Domesticated rabbits do not have as strong an immune system as their wild counterparts who over years of living and adapting to the wild can ward off certain diseases. Even when they do contract these diseases, they typically avoid human territory and pose little danger to humans.

Domesticated rabbits left in the wild can very easily contract diseases and spread them within the human population. Such diseases include Rabbit Calicivirus Disease which is also known as Viral Hemorrhagic Disease- very infectious and dangerous disease-causing fatalities. 

III. The cost of Eradication

As these rabbits begin to pose a problem to the ecosystem and human life, the government is obligated and mandated to take measures to eradicate the problem. The money spent could very well be spent on other measures should the problem not exist.

This also means that much of taxpayers’ money will be used for a problem that is very avoidable. Thankfully, there are a lot of kind-hearted individuals who take it up as their responsibility to rescue such animals. They come in form of volunteers and/or non-governmental organisations.

How to Release a Rabbit into the Wild Legally 

Hopefully, by this point in this article, you have begun to understand the dangers posed not just to the rabbit but also to you as an owner and a member of the human population. 

If, however, for some reason you wish to let go of your rabbit for its safety or yours and are wondering how you may release it into the wild legally, you can’t. There is no legal way to send a rabbit into the wild. It is dangerous except you want to take the time out to teach it the skills to survive in the wild which, obviously, you cannot.  

Here are some alternatives you may wish to consider should it be imperative that you let go of your rabbit.  

  • Ask a friend: You may wish to ask any friends or friends of friends who may have an interest in adopting a rabbit to kindly adopt yours. You may be surprised how many there would be who would almost literally snatch it from your hands. If they are first-time pet/rabbit owners, ensure to teach them how to care for the rabbit. 
  • Find a shelter: There are many non-governmental organisations that have dedicated themselves to caring for animals in order to help them and ultimately, our ecosystem. Do the work to explore multiple shelters that may be available to you in your cities, states, provinces or countries. They will ensure not only the safety of your rabbit but also find it a new home.  Make sure though that the shelter is legally authorized and safe.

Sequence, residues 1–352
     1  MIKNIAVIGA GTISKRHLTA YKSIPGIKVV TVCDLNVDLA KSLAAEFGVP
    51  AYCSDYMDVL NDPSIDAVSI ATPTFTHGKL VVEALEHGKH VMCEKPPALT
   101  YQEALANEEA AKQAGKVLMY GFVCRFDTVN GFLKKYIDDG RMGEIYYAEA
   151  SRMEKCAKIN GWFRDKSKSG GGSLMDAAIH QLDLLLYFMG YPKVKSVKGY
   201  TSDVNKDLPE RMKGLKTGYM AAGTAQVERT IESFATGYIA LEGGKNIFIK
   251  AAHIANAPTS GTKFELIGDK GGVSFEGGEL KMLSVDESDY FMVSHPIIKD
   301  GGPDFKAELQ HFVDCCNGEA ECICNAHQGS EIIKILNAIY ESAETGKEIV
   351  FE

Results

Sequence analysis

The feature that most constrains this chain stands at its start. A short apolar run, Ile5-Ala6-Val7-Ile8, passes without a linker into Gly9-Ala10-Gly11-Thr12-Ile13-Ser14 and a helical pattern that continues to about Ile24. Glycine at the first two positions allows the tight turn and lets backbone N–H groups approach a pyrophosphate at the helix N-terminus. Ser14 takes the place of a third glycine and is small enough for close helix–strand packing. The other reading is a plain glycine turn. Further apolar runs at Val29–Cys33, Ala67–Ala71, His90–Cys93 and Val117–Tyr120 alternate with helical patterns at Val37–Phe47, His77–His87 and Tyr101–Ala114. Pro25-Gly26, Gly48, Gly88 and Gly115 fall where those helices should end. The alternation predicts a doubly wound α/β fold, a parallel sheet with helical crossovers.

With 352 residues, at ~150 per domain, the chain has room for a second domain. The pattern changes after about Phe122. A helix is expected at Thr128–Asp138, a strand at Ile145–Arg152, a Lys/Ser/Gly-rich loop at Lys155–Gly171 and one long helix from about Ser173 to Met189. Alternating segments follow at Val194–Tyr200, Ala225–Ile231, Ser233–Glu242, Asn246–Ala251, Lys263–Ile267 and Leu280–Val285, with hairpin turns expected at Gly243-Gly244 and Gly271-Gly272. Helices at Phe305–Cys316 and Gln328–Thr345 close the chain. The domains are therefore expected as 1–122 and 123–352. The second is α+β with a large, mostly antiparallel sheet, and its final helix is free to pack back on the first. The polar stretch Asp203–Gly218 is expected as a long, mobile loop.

You may find that there are no laws specific enough to disturb you from releasing them. This is unfortunate but we remain adamant in advising you against such action.  

Disadvantages of Releasing a Rabbit into the Wild 

While we may seem to have exhausted the list in advising against releasing domestic rabbits into the wild, we think it proper to itemize a few things. You may feel it is proper for a rabbit to be “set free” and may even think it is a form of animal rescue from captivity. While you may have good intentions you are putting it in a lot of danger. 

  • Domesticated rabbits will not find food as expertly as wild ones who have learned the territory and so will most likely not survive. 
  • A domesticated rabbit often has very different colouring from wild ones who typically have light brown fur. The domesticated rabbit’s fur which often has a blend of colours and spots will make them easy prey to predators because of their inability to blend in with their environment.  
  • The domesticated rabbit does not understand weather conditions and while it may seek temporary shelters, it will be ill-equipped to properly aid itself and will develop diseases such as pneumonia. 
  • Rabbits who have been domesticated have had a taste of a variety of foods such as carrots.  These are not very easy to find in the wild. Hence, in a bid to locate these better-tasting and sweet-smelling treats, they will enter farms and destroy crops.  That is if they succeed. They will often have to pass through human-populated areas to access these snacks and may face such dangers as traffic and poachers. 


As pet owners, you must first understand the great commitment it takes to care for a pet. Avoid impulse adoption. It is safer for both you and the rabbit.

Written by Justin Michaels